Everyone recognizes the importance of tactics to a player’s ultimate chess success. Richard Teichmann is famously (and often) quoted as saying “Chess is 99% tactics”. Although one might disagree with the figure he gave, no one in his or her right mind would ever completely dismiss the importance of tactics as a component of the successful player’s chess knowledge.
But the realm of tactics is merely one such component. As some point in a player’s chess career, he or she is forced to admit that tactical prowess will only carry one so far and that one must learn to recognize the elements of the bigger, long term picture. This is the point at which a player begins to consider chess strategy: long-range planning, ideas, and structures — some of the elements which Wilhelm Steinitz bundled together under the categorical umbrella of “the accumulation of small advantages”.
While strategy is very important to a player’s development and success, the corpus of instructive literature on this aspect of chess is smaller than that of tactics and is positively dwarfed by that related to the openings. That’s a shame; speaking from my own experience, I didn’t become an even halfway competent player until I began to study strategy.
It’s for this reason that I’m always happy to see a new entry in the realm of instructional materials concerning chess strategy, particularly well-organized works which deal with the subject of structures. ChessBase has launched a new series of FritzTrainer DVDs under the blanket title of Strategy University (the title derived, no doubt, from the USA branch’s late lamented ChessBase University instructional disks to which I had the privilege of being an editor and contributor back in the 1990’s).
The first volume in the series is called The Central Approach and features Grandmaster Adrian Mikhalchisin as the instructor:
The DVDs structural (no pun intended) layout is the same as most others in the FritzTrainer series: opening the database will display a table of contents for the disk:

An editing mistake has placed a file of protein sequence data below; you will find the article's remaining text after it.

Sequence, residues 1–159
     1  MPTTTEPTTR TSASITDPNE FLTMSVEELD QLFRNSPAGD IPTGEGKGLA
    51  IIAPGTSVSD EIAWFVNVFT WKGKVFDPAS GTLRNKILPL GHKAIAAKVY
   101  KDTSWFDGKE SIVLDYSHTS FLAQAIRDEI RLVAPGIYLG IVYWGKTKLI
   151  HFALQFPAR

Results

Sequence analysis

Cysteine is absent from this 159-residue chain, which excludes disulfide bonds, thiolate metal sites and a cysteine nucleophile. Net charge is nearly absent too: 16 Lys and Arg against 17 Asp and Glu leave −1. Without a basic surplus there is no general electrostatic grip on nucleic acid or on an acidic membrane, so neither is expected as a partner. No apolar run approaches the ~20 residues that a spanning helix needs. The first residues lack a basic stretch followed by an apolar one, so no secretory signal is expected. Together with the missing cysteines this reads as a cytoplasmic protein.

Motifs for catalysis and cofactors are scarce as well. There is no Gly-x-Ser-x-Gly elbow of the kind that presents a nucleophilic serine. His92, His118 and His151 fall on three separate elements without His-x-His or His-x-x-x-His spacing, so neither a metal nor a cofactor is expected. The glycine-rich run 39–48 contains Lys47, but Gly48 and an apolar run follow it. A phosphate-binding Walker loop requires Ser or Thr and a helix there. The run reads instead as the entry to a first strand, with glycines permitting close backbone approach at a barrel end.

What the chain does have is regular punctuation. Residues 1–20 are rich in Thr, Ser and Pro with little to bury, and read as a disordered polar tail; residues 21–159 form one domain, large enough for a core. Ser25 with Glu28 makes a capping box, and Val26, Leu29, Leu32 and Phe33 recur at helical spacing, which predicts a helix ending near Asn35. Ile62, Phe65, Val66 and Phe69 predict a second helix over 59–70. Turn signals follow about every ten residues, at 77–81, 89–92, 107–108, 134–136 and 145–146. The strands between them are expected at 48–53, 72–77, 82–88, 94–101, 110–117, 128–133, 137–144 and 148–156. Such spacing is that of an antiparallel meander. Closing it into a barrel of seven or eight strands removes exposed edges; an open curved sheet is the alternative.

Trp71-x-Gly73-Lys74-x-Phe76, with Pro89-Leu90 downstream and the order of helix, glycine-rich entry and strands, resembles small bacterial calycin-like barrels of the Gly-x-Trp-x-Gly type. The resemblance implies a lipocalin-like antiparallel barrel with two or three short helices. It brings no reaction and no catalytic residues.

Clicking on the photograph to the right of a chapter title will launch that video lesson, in which the position on the board changes to follow along with the instruction of GM Mikhalchisin:
(As a side note, I also appreciate that this disk also contains links to the individual games contained in the video instruction. While the video doesn’t play when a game is accessed this way, the user has access to the written annotations and variations contained in the game’s notation).
The subject matter of the DVD can easily be deduced from the DVD’s title; GM Mikhalchisin concerns himself with the center of the chessboard (and its related structures). But the disk doesn’t stop with the well-known matters of central occupation; in fact, there’s an assumption that the viewer has already encountered such a mundane concept elsewhere. This DVD launches straight into concepts such as indirect control of the center, central expansion, and (most usefully, at least for me) instruction on the proper times to break the central pawn structure (and the tension it conveys to the game) or to close it.
The instruction is clear and well-presented (although some folks may find themselves needed to pay closer attention due to the instructor’s accented English; then again, paying closer attention to an instructional presentation is a good thing). The videos are generally short enough to not tax the users patience or attention span (ten to fifteen minutes is the norm, although you’ll find an occasional lesson which runs a bit past twenty minutes). And, as is the case with nearly all of the FritzTrainer DVDs, no additional software is required as a version of ChessBase Light/Reader comes with the product, ready to be installed.
Strategy University Vol. 1: The Central Approach is in stock and ready to ship from USCFSales.com.
Have fun! — Steve Lopez
Copyright 2011, Steven A. Lopez. All rights reserved.